Friday, October 29, 2010

Halloween: What it Means to Me

My favorite holiday is not, as you might guess, Christmas.  Like many other horror-type folks, Halloween is my Christmas.  Some people geek out over what I call the "silly season" and spend craploads of money on trees, tinsel, animatronic Santa Clauses and nativity scenes.  I do that at Halloween.  Actually, I usually just go into my writing room, take a few pieces off the shelves, and put them in obvious places around the house.  It works.  But, as is always the case, there are always people who misunderstand.  I actually had someone sarcastically wish me a "happy Satanic death-day," which first made me spit coffee from laughing so hard at their indignant ignorance, but made me think about what my favorite holiday (and lets not quibble here...To me, it's holy) means to me.

Somewhere in the Way-Back, Samhain (pronounded sow-een) was an agricultural celebration of the new year and the last harvest before winter generally sucked the life out of everything.  It was a celebration of everything the year had given, every accomplishment, and every moment spent with one's family.  It was also the one night of the year when the veil between this world and the next was thinnest, and your dearly-departed could come back and visit.  Sounds sweet, doesn't it?  That's what it was, folks:  A celebration of family, of love, of accomplishments, and of "we'd better get our party going on now because it's going to be frickin' cold tomorrow"-ness.  I'm paraphrasing that last part.  It was also theorized that, since the good spirits could return, so too could a few of the more annoying ones.  Disguises were worn to confuse the the more playful spirits, which is where we get the tradition of dressing in costumes.  The poor (read: the majority of everyone) would go door to door of the rich (read:  the vast minority, but still kept the poor under soul-crushing dominion just like they do today) to beg for food for their celebrations.  They also left out small bits of food for the souls of the departed.  That's where we get the Trick or Treat traditions.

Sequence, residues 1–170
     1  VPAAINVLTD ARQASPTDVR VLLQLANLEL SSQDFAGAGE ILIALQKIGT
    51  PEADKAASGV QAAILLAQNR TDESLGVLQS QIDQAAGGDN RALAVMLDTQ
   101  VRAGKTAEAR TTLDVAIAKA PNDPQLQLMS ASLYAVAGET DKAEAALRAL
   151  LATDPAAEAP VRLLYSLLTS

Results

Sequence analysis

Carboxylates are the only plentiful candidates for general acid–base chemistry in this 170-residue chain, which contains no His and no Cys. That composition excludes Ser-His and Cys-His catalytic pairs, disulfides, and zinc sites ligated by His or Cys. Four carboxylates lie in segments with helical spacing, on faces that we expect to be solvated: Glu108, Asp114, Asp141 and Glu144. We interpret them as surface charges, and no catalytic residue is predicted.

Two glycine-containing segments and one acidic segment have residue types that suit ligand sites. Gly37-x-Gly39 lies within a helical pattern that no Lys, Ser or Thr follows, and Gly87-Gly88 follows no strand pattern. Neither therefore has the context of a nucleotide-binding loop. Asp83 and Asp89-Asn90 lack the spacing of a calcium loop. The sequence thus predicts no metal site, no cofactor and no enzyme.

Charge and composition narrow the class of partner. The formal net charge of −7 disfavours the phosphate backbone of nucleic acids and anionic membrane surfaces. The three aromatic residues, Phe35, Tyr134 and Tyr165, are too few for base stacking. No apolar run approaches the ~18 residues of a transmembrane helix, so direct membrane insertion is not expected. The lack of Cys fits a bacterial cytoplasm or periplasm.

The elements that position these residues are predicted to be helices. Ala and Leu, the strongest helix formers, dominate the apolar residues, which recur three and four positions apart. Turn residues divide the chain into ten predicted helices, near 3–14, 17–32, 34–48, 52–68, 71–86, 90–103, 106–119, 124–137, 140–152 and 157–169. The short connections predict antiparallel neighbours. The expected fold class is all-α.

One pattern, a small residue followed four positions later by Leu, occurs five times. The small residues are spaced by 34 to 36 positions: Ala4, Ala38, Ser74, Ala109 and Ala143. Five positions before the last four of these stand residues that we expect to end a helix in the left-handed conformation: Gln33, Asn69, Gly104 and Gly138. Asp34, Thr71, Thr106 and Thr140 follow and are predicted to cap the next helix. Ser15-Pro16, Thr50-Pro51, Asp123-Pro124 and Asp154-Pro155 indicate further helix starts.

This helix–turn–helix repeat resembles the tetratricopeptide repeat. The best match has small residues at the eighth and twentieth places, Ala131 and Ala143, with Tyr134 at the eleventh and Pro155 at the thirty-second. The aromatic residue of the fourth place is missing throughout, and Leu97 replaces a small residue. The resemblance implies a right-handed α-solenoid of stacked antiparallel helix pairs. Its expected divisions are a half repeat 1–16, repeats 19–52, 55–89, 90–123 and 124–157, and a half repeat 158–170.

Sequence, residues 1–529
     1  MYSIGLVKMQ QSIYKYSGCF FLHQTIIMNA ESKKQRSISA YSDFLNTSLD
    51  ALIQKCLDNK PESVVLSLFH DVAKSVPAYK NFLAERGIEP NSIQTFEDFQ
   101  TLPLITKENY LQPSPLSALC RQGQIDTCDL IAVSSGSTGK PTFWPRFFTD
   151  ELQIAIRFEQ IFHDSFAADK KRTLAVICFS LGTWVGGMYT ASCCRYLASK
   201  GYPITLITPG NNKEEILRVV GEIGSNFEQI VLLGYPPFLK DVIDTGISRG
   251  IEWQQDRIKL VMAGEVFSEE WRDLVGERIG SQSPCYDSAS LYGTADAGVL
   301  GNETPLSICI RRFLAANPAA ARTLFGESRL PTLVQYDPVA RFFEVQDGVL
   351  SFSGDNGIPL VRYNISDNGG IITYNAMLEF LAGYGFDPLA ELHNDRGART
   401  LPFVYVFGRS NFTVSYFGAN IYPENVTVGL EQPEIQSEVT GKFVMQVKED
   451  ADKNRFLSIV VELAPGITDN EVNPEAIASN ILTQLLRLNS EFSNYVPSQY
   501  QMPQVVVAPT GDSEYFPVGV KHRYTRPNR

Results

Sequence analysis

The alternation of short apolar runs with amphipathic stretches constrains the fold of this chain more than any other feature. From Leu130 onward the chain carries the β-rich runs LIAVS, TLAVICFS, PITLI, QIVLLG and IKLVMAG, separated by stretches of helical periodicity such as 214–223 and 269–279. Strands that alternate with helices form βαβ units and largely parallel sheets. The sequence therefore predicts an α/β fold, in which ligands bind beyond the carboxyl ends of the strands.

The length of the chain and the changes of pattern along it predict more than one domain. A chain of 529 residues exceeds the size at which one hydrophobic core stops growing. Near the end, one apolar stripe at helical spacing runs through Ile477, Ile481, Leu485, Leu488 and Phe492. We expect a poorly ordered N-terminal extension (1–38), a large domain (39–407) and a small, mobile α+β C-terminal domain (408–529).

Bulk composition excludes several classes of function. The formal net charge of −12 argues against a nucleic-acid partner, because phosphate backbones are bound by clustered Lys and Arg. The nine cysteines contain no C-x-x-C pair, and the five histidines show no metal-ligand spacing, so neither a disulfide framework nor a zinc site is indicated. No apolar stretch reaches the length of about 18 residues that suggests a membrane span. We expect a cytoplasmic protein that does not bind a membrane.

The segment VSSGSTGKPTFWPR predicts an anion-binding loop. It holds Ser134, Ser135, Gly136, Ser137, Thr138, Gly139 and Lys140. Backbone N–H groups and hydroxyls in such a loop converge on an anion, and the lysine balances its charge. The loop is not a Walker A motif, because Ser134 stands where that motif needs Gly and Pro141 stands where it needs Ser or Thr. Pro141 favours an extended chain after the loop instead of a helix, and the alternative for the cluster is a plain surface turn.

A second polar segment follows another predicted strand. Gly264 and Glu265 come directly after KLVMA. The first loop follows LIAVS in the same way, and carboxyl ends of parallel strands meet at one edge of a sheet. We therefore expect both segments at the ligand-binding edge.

All that brief little bit of history is fine and dandy, but what does it mean to me.  Well, on the minor end, it means I'm actually allowed to go wondering around in a costume scaring the ever-loving hiccups out of children for one night without being arrested.  It also means loads of candy and lots of friends.  But those things are actually minor to me.  Here's the real biggies:

First, my brother and his wife and their boys, my friends, and my parents all come to my house to hand out candy to trick-or-treaters.  Might sound lame, but believe me, it gives me the greatest joy in the world.  My Mom and Dad (if you knew them, you'd know why those two words are capitalized) visiting my house and handing out candy makes me proud, and seriously puts me in enough of a good mood that  the daunting shadow of Christmas doesn't bother me for a few days.

Second, All Hallows is very special to me personally because of one special event that happened on this day.  Eighteen years ago, Tabatha Piszczyk finally gave in and agreed to go out with me.  Our very first date was to a Halloween costume party.  She dressed as a rodeo queen, I as a drag queen (we were a pair of queens!).  From that night, Tabby and I have been inseparable.  I proposed to her soon after that first date, and we were married in April of the following year.  So the candy, the costumes, the scary stuff are all great and things that I adore and love, but Halloween will forever be a time that I cherish because on that night I found the woman I wanted to spend the rest of my life with.

Happy Anniversary, babe!   I love you.

Monday, October 11, 2010

Doing What You Love (or: If You Don't Love It, You Only Have Yourself to Blame)

The other day, I was in a social situation (I know...shocking, ain't it?) and overheard a couple fighting about...well...everything.  When the guys all retreated to a local pool hall, the fellow in that relationship did nothing but gripe about his significant other.  I learned later that his girlfriend did the same thing.  It seems the two of them make each other miserable.  It reminded me of another conversation I overheard (yes, I eavesdrop often) in which a person who wants to be a writer told a friend how much she hated writing.  "I'd love to go, but I have to work on this stupid story."  Both conversations hit me in a peculiar way...The first because the guy managed to bring a really dark cloud over an otherwise fine night of beer and billards, and the second because it was hard not to hear her pretentious rant because of the volume of her voice...because of how similar both situations were.  In both cases, the solution was simple, yet the sort of solution that, apparently, few people think of.